Goodbye Tootle? Where Did It All Go Wrong!

What’s Happened To Tootle?

The short story is that they went bankrupt.

So if you have a car to sell and you liked the idea of getting competing offers for your car then enter your registration below.

Well show you how our personal service achieves a better price with far less hassle

 

 

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If you’re just here out of curiosity about what happened to Tootle then read on and well explain.

The long story is a bit more complicated and to understand why they failed we’ll have to bore you by explaining a bit about how used cars get to dealer forecourts.

And where all the different car buying sites and auctions fit into that mix.

But first, what was Tootle?

What was Tootle

Tootle was a website that claimed to put your car in front of 2,000 car dealers across the UK.

These dealers it was hoped, would bid against each other, to buy your car, giving you the best possible price, just like a Car Auction.

Best of all, selling your car on Tootle was completely free, or so they led you to believe, more on that later.

The whole process they claimed took only takes a few minutes, and you could start receiving offers for your car in hours.

Part of their claim was that a massive 82% of sellers receive an offer within 48 hours.

So why were they forced to close down the site? After all, it had had over £4.3 million invested in it.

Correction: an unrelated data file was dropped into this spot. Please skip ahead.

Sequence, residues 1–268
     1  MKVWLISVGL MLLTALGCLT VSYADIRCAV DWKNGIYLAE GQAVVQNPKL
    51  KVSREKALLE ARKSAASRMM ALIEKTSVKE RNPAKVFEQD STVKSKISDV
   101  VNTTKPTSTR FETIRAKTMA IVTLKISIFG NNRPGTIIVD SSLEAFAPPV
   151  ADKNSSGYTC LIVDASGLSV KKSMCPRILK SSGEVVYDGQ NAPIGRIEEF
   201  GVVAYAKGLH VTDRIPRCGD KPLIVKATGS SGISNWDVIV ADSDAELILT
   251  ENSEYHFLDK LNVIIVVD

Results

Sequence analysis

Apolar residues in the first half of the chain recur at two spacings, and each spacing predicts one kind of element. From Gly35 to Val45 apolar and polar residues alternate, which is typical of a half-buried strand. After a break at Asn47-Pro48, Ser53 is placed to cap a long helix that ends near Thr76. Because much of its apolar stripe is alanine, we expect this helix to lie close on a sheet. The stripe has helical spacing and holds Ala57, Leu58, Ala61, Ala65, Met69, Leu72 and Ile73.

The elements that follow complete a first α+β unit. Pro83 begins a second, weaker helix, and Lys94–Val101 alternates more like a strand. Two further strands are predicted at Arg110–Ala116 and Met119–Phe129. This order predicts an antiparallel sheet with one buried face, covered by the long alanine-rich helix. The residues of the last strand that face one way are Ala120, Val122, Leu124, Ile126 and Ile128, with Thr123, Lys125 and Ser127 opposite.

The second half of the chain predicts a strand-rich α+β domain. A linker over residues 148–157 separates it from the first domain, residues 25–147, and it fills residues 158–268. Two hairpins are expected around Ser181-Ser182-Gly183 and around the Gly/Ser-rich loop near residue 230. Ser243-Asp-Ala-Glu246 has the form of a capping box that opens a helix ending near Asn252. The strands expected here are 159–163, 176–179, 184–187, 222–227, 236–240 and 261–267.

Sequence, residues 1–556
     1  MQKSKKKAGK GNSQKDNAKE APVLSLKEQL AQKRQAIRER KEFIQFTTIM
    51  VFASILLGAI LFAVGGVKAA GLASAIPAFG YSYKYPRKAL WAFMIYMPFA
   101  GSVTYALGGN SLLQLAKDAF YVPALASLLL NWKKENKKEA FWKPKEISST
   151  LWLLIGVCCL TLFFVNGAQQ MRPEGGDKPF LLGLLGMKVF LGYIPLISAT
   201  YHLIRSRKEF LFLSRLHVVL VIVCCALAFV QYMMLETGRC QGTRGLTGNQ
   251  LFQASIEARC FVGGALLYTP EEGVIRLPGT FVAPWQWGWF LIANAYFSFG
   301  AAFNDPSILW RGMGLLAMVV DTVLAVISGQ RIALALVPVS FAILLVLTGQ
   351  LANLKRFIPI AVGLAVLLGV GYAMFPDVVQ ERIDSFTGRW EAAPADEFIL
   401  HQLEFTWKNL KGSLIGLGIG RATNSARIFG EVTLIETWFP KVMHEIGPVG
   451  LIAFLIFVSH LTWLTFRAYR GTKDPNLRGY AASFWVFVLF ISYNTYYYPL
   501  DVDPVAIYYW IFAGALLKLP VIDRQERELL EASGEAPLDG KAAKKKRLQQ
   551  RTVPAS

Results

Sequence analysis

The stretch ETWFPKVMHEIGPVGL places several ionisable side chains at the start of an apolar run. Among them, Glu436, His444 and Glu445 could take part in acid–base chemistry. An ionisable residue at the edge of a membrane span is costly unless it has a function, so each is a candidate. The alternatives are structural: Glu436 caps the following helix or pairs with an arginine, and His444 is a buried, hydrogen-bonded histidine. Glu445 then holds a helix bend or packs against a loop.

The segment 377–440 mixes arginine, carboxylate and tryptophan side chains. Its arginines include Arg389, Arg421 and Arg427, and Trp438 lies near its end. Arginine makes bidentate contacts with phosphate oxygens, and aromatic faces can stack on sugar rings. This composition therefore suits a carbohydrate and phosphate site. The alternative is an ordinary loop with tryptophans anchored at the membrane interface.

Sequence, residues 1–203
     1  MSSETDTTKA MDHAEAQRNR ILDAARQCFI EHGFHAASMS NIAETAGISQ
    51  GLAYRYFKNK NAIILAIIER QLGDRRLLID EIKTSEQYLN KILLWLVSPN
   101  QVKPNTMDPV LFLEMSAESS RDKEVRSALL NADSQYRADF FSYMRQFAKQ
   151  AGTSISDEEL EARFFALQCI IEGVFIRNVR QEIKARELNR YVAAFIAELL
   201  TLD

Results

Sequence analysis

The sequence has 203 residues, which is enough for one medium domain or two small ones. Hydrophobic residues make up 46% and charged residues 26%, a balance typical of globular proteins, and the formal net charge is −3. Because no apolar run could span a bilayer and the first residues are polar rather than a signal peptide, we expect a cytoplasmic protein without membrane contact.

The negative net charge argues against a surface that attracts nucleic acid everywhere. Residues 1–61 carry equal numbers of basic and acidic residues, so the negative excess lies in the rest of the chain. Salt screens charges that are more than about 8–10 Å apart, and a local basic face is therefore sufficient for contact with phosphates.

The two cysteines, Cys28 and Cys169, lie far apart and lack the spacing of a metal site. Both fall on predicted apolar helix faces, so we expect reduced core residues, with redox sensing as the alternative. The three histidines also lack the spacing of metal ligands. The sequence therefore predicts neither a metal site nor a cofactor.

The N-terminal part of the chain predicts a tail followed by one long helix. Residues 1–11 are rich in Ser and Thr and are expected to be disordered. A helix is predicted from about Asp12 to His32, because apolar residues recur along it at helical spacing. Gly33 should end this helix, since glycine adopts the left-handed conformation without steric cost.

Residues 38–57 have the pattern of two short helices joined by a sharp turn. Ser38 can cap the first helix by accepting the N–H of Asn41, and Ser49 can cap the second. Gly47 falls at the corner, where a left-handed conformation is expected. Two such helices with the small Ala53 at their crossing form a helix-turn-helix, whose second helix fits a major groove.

As a free service, with a hugely expensive national TV advertising campaign, how were they going to make not just a profit but also repay their investors?

A quick division of £4 million, by what we knew to be the average buyer’s fee per car, gave us a figure of over 20,000 vehicles.

To us, it seemed ambitious.

Auction Format.

Tootle’s auction format promised competing bids from dealers vying to buy your car.

But unlike a car Auction, Tootle’s registered buyers weren’t legally obliged to carry that offer through to purchase, nor were you bound to sell.

So you might get a few dealers bidding you your asking price, only to be never seen or heard from again without any repercussions from you or Tootle.

This could mean that you may get an initial high offer from an unvetted dealer that put other bidders off making an offer.

These unreliable dealers fell under the radar with Tootle and other buyers because of course you’d only be invited to review Tootle once you successfully sold your car.

And there wasn’t a way to review the individual dealers as they remained anonymous to each other and other car sellers on the site.

So there was no way of knowing if the dealer making you the offer had an excellent reputation for following through on their purchases or not.

If the offer evaporated and they didn’t buy your car, you’d have to relist your car for sale again at a lower price, maybe up to a week later.

Your car, now famous amongst the registered buyers, would be back for another go and as such wouldn’t attract anything like the same interest as it might have the first time around.

Dealers quickly get nervous when cars are publicly offered their asking price, only to appear for sale once again, a few days later.

They’ll now be thinking “Why did the sale fall through?” and suspicions start to circulate that there might be an issue with your car so they back away.

Free Service

No catches, No fees. It’s completely free to use.

Ever heard the saying “there’s no such thing as a free lunch”?

Tootles service was completely free to use, and they didn’t charge sellers anything to list or sell their cars.

But, they did charge buyers, and as the site began to fail, the buyers’ fees got higher and higher.

On some of the higher-priced cars, the costs to buyers could be as much as £2000.